There are several ideas for solutions that could calm the pace of development in the state.
One idea that has come up is to do a tiered property tax. Those who have lived in Montana for decades get the lowest tier – we’ve been here a long time knowing, loving, and respecting the Montana culture. We aren’t saying that out-of-staters can’t move here, it just costs extra. Perhaps 0 to 5 years they pay the highest tier of taxes (maybe even 5 times as much as the lowest tier). Then, years 6 to 10, they are at another tier; 10 to 20 another, and 20+ gets the “Montana Discount.”
It's similar to out-of-state tuition – if you live in Montana, you get lower rates. Or out-of-state elk tags. A Montana resident can pick up a general elk tag for about $20; non-residents pay around $1,000. We want people to come hunt and enjoy Montana, but it comes with a price.
At least some counties in California have, or at least had, a rule where property could be passed to heirs without an adjustment in property taxes. For example, if you bought a condo for $500,000 several decades ago, you paid taxes as though it was valued at $500,000. Now, let’s say that condo is valued at $3,000,000 – you still pay the lower tax rate until you sell it. But, there is (or at least was – I’m not an accountant or a property tax expert) a caveat that if you pass that real estate to a family member, and they use it as their primary residence, they can still benefit from that lower property tax rate.
That means seniors who are on fixed incomes, living in modest houses that have been paid off for years wouldn’t be forced out due to ever-increasing taxes and insurance rates (yeah, insurance companies would need to get on board with this too).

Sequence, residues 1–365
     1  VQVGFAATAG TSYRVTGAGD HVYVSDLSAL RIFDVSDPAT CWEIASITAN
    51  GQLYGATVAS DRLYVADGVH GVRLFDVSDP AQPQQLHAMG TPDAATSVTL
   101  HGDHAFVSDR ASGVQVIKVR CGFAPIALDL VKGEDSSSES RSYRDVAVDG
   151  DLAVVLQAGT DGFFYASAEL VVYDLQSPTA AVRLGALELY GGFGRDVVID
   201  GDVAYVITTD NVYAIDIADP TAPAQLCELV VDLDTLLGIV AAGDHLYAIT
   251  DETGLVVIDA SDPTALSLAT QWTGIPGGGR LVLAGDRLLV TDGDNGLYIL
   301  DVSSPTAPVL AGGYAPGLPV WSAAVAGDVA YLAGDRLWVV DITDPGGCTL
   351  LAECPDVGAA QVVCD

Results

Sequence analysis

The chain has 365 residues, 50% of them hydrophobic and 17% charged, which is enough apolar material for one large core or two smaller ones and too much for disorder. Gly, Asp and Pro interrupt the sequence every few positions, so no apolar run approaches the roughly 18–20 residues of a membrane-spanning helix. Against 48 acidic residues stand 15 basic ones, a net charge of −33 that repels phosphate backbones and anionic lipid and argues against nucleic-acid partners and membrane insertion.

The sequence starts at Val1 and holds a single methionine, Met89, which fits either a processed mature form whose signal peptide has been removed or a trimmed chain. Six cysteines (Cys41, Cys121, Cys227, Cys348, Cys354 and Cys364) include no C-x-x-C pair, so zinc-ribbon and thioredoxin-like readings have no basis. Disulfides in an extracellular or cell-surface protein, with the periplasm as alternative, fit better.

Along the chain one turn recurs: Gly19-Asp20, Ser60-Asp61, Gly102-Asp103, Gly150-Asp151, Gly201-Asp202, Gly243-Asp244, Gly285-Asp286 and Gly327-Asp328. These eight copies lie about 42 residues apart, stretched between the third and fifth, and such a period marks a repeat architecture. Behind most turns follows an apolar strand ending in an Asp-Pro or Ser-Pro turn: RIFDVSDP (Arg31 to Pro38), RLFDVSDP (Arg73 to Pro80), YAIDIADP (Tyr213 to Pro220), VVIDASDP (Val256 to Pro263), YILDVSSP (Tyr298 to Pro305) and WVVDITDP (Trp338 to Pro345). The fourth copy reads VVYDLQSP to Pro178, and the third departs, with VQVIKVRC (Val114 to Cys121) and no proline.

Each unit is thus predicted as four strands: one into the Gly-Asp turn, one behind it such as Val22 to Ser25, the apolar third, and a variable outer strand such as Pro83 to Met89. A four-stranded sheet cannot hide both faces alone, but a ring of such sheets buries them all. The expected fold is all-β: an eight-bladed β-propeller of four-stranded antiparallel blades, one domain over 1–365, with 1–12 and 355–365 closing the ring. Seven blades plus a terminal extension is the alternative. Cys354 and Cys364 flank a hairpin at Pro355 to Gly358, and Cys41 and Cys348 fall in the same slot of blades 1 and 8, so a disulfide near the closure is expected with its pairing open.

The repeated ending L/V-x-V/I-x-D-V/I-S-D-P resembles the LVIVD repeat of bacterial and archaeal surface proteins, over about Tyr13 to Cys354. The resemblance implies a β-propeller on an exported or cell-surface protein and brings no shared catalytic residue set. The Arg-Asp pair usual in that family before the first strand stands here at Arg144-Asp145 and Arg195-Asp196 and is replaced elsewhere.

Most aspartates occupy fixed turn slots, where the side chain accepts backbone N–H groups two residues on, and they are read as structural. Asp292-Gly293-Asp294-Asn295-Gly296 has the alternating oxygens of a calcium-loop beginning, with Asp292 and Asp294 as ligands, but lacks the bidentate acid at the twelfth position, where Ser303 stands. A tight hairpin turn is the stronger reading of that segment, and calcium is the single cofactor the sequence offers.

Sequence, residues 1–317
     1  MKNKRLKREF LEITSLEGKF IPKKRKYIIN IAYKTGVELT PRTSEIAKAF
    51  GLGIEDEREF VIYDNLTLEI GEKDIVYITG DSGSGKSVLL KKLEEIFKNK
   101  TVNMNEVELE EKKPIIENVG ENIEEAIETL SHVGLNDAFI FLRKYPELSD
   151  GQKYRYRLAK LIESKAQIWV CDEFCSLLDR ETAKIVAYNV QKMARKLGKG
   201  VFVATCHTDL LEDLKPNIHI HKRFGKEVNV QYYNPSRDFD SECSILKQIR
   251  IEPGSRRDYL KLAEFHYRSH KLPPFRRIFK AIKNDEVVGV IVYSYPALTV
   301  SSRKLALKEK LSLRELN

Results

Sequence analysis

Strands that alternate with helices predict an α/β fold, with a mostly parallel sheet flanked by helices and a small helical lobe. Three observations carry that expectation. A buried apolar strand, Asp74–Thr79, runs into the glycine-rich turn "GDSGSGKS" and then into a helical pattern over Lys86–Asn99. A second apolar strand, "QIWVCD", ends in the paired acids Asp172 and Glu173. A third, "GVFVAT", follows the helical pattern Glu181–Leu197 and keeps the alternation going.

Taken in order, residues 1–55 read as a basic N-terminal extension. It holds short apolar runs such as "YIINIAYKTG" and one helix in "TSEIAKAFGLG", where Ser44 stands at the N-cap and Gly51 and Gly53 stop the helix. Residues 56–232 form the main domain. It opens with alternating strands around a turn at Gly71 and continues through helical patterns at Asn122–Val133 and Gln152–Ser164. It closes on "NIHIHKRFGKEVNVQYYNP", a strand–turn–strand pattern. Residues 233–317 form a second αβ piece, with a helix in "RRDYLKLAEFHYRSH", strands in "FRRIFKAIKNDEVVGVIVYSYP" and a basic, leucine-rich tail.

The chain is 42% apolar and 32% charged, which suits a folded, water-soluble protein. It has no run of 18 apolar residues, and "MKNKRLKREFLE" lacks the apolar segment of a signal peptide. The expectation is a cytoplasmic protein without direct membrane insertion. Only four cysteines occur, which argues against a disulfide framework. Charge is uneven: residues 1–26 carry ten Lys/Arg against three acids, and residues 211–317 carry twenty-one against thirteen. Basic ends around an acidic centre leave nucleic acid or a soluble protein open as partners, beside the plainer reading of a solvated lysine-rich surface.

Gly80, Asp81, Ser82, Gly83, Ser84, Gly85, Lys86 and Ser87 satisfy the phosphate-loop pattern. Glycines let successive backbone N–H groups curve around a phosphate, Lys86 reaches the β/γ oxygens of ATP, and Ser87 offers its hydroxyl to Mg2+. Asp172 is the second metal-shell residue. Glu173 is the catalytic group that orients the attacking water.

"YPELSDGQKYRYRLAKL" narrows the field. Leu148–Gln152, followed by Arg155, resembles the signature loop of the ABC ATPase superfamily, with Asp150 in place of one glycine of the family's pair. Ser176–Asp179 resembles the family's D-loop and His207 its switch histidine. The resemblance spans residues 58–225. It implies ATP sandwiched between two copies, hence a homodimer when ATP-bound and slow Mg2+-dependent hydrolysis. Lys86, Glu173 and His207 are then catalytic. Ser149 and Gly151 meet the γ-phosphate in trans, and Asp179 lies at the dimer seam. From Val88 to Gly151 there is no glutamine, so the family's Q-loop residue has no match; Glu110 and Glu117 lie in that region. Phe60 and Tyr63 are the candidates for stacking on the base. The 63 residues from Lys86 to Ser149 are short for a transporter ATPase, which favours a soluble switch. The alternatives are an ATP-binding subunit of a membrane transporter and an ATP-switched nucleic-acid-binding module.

Populations are going to grow. But they have to be done at a reasonable rate.
What’s the Future of the Make Bozeman Montana Again Brand?
This trademarked slogan has been great for Aspinwall Mountain Wear. It has sparked a lot of conversation, garnered a lot of support, and helped set the stage for what needs to happen to preserve Montana values, culture, and heritage. After doing a billboard outside of Bozeman for a month, interest levels and social media exploded with many other people concerned with the issue. In fact Aspinwall was contacted by NBC National News to potentially do a story on it. This news story never materialized but the message was heard loud and clear throughout the country.
The message needs to advance. It needs someone that will be able to take it, use it as a platform, and not just inspire conversation, but also to be a catalyst for real change. Because Aspinwall Mountain Wear has an entire clothing lineup, it’s more than can be handled in house.
Therefore, the trademarked brand is for sale. And there’s a ton of potential for someone who wants to run with this.
Over the last few years, Aspinwall has sold hundreds of items with the slogan – mostly in the form of t-shirts and stickers. But if you consider the similar political statement, where do you see it most?
“This trademark has been a top seller for us for several months and we haven’t even touched on hats yet.” says Derek Aspinwall, "Aspinwall is a direct to consumer company so our exposure is limited and a trademark slogan like this needs to be in stores all across the state. We have only scratched the surface of what this powerful trademark can do."
Because if we want to Make Bozeman Montana Again, we have to keep the conversation going, it has to go to the next level. It needs someone passionate that won’t let it die, move it forward, and spark a change.
Serious inquiries will be entertained, and the Aspinwall Team can fill you in on where the brand has been and the potential value if the right person will run with it.
Serious inquires email firstname.lastname@example.org